Overview

Acai, pronounced AH-sigh-EE, is a palm tree that is widely distributed in the northern area of South America. Its berries are used to make medicine.

Acai is most commonly used for arthritis, high cholesterol, erectile dysfunction (ED), weight loss and obesity, "detoxification," aging skin, metabolic syndrome, and for improving general health. But there is limited scientific evidence to support these uses.

Acai gained popularity in North America after being promoted by Dr. Nicholas Perricone as a "Superfood for Age-Defying Beauty" on the Oprah Winfrey show.

As a food, the acai berry is eaten raw and as a juice. The juice is also used commercially as a beverage and in ice cream, jelly, and liqueurs.

In manufacturing, acai berry is used as a natural purple food colorant.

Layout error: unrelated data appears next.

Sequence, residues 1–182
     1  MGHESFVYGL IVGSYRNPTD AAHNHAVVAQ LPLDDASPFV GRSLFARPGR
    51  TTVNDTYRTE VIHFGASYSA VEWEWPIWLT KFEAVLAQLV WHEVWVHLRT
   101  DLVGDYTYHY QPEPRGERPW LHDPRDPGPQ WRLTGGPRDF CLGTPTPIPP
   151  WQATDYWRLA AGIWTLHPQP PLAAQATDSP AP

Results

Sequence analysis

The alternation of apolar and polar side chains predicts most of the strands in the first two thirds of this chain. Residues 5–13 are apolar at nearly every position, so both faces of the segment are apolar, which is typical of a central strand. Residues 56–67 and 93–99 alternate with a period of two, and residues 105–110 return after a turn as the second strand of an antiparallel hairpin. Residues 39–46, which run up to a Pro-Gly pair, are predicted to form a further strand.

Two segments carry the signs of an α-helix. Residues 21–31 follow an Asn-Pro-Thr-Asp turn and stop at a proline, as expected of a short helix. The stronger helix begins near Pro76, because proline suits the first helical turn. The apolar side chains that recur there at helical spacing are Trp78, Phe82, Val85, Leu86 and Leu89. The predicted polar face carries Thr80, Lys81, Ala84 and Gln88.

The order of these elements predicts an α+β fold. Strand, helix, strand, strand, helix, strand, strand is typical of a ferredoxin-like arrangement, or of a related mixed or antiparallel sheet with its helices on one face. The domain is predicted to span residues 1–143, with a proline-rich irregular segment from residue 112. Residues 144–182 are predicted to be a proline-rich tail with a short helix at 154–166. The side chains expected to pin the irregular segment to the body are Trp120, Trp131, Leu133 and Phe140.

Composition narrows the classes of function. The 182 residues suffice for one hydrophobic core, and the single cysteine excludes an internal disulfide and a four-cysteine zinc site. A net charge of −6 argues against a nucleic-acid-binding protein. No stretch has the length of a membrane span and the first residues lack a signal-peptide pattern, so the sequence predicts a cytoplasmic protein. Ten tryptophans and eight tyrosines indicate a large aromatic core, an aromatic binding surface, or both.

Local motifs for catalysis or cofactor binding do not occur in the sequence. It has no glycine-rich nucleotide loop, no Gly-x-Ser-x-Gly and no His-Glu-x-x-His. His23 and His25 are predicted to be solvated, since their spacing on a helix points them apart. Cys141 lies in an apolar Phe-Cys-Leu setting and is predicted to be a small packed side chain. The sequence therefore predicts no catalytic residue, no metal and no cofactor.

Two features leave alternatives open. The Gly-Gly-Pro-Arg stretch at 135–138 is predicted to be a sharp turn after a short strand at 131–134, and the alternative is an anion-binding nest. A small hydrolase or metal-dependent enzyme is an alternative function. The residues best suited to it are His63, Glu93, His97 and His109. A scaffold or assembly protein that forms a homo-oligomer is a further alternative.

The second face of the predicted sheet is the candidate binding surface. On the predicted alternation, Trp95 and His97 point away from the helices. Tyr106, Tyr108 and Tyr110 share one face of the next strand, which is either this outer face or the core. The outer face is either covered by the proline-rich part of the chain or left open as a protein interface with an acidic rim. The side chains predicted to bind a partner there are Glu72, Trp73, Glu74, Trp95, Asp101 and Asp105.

How does it work ?

Acai contains chemicals that are antioxidants. Antioxidants are thought to protect body cells from the damaging effects of chemical reactions with oxygen (oxidation). According to some research, acai has more antioxidant content than cranberry, raspberry, blackberry, strawberry, or blueberry. Chemicals in acai might also reduce swelling, lower blood sugar levels, and stimulate the immune system.

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CONDITIONS OF USE AND IMPORTANT INFORMATION: This information is meant to supplement, not replace advice from your doctor or healthcare provider and is not meant to cover all possible uses, precautions, interactions or adverse effects. This information may not fit your specific health circumstances. Never delay or disregard seeking professional medical advice from your doctor or other qualified health care provider because of something you have read on WebMD. You should always speak with your doctor or health care professional before you start, stop, or change any prescribed part of your health care plan or treatment and to determine what course of therapy is right for you.

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© Therapeutic Research Faculty 2020.